Teta Elizabieta provided the most balanced character throughout this novel. She completed the family on the move to America from Lithuania as she is the stepmother of Ona. Elizabieta was the only character to question Jurgis' decision-making skills throughout the story. She keeps the most balanced approach throughout the entire story even though she suffered great hardship as well. Sinclair described her: "Elizabieta was one of the primitive creatures: like the angelworm, which goes on living though cut in half, like a hand, which deprived her chickens one by one, the mother the last that has left her. She did this because it was her nature, she asked no questions about the justice of it nor the worthwhileness of life in which destruction and death ran riot" (p.231).
Elizabieta is the only character not to lose humanity. This is Sinclair's best and most realistic attempt at embracing the problems of immigration, capitalism and justice. His elder woman continually demonstrated her commitment to her own self-interpretation of the world. Forgiving and judgment at the same time, she provided a grounded and balanced character the others would seem to revolve around. Through this equilibrium she demonstrated her treatment to all for family members and towards others. This characterization supported Sinclair's call for socialism, which is not used in this capacity to its fullest. The central story focusing around Jurgis therefore lessens the impact that Elizabieta holds in supporting the authors political and social views.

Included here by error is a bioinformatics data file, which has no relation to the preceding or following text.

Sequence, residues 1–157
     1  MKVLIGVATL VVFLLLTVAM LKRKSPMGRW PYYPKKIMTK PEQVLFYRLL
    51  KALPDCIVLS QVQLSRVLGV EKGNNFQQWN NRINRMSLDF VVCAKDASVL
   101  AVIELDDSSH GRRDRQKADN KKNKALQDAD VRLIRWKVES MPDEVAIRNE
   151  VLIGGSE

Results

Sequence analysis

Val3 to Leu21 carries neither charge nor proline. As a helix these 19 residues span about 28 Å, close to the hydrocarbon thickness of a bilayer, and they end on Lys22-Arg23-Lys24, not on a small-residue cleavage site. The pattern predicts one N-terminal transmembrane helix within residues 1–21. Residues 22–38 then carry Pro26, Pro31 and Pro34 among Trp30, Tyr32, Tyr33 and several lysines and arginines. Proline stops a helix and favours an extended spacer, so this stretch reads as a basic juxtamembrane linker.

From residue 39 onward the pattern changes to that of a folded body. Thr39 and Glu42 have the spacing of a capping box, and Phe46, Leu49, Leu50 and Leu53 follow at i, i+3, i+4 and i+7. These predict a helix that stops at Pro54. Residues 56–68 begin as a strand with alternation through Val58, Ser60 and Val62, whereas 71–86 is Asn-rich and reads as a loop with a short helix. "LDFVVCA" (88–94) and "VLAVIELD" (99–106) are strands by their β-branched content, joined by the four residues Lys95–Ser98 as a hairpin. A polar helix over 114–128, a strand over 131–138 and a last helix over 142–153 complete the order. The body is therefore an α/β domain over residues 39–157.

Marija, Ona's cousin, represents another worthwhile character to explore the contrasting theses of this essay. Her character portrays a similar fate as Ona and Jurgis marked by continual dehumanizing behaviors coupled with extraordinarily bad fortune and incredible circumstance. Her idealistic dreams of finding a man to tour the country with, is destroyed piece by piece as we witness the deconstruction of a strong woman into a subordinate and obedient beast relegated to prostituting her body at the end of the story.
At her best she "felt, so to speak that she had her hand on the throttle, and the neighborhood was vocal with her rejoicings " (p 101). Sinclair slowly builds this woman up as her fortunes seem to rise with her spirit, but predictably she is ultimately disappointed and led into a dark and dismal existence. After losing her job after her factory shuts down, her anger slowly turns to despair as she slides into a life of illegal prostitution and continual dehumanization. Sinclair, in my opinion, uses this technique to show and brag of the strength of capitalism and how it can defeat even the strongest of characters. This woman was noted as being a strong and defiant woman and was initially rewarded for this behavior, only when Sinclair needs to add emotional respondents to the story he inserts her…